Is participation in high school sports a right or privilege?

August 29, 2010

E-mail this article

Invalid E-mail address
Invalid E-mail address

Sending your article

Your article has been sent.

Text size +

As athletic user fees have become nearly universal in Boston-area school districts, they are raising a thorny question: Is playing a high school sport a right or a privilege?

The Massachusetts Interscholastic Athletic Association, or MIAA, the governing body for high school athletics in the state, says it takes no position on whether a student who doesn’t pay a fee or only partially pays a fee is entitled to play a sport.

“That is a matter of school district policy,’’ said MIAA spokesman Paul Wetzell. “Association schools have to implement our eligibility requirements when it comes to issues such as academic progress and discipline, but we take no position on that matter. It is our belief that if a student qualifies for free or reduced lunch, the fee should be waived’’ for that student to participate in sports.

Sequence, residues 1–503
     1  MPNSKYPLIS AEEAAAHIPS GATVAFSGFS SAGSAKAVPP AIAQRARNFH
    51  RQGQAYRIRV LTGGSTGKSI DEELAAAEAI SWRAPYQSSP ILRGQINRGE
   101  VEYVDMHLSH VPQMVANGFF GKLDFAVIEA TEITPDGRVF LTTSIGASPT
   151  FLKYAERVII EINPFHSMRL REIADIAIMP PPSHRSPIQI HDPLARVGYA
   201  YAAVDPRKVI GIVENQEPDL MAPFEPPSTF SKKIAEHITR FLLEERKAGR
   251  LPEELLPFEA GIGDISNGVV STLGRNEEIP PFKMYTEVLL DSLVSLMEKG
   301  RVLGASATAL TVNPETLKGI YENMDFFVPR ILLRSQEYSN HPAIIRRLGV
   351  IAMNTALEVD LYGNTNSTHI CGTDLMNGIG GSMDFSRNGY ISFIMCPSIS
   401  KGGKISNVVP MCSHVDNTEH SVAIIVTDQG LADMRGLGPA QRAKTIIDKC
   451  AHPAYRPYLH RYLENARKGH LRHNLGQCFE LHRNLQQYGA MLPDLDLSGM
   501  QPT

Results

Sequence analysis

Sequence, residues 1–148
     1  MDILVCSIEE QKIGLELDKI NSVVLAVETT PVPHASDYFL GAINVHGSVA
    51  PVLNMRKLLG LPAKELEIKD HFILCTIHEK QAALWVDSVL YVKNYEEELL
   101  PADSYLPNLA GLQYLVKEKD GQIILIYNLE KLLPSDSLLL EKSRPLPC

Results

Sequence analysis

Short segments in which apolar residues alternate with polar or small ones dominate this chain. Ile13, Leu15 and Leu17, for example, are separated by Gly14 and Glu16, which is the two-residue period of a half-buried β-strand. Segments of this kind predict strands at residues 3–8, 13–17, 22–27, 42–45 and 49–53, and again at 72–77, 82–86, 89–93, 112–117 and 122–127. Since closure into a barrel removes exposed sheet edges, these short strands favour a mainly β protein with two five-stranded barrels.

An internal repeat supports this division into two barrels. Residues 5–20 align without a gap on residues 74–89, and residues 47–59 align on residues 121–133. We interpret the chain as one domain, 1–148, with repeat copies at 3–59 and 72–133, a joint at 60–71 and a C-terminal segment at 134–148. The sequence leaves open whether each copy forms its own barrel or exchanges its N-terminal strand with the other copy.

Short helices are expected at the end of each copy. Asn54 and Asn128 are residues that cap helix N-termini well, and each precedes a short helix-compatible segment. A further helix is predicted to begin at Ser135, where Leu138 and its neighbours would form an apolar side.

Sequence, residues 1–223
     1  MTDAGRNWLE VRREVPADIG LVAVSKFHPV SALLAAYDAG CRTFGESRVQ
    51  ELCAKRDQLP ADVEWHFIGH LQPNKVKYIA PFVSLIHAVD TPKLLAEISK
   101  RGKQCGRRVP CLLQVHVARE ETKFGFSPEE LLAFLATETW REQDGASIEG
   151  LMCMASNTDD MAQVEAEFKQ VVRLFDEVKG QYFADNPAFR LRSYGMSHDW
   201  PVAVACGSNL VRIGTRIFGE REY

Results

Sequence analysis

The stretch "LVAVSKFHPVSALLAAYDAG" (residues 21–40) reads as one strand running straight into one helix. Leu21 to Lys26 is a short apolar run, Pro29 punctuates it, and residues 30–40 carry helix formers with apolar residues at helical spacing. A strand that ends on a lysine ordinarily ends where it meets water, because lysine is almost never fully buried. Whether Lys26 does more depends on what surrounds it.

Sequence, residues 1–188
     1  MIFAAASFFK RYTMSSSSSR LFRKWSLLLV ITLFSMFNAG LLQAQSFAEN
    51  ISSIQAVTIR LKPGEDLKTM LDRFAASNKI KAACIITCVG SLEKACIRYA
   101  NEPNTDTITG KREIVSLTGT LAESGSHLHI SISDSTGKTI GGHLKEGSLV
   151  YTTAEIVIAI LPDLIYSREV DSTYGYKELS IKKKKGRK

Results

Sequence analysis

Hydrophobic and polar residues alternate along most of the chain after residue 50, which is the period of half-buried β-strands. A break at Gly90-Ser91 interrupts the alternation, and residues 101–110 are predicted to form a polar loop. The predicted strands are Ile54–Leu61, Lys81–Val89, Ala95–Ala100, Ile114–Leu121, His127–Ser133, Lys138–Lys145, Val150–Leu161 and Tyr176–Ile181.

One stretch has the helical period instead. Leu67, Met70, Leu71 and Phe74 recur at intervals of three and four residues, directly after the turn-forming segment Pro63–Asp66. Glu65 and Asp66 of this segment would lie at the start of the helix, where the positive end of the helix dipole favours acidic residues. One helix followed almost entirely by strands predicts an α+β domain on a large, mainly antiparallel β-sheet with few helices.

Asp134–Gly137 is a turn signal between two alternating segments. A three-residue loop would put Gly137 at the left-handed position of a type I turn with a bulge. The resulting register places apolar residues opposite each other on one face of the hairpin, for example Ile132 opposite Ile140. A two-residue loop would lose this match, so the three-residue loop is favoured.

Procedures to waive or reduce fees are in place in virtually every school district, and many link the user fees to the school lunch policy.

Haverhill High School was forced to change its collection procedures after nearly 100 students failed to pay their fees during the 2009-10 school year. One student’s report card was briefly withheld, and the school is still trying to recover $11,000 in unpaid fees.

Rich Fahey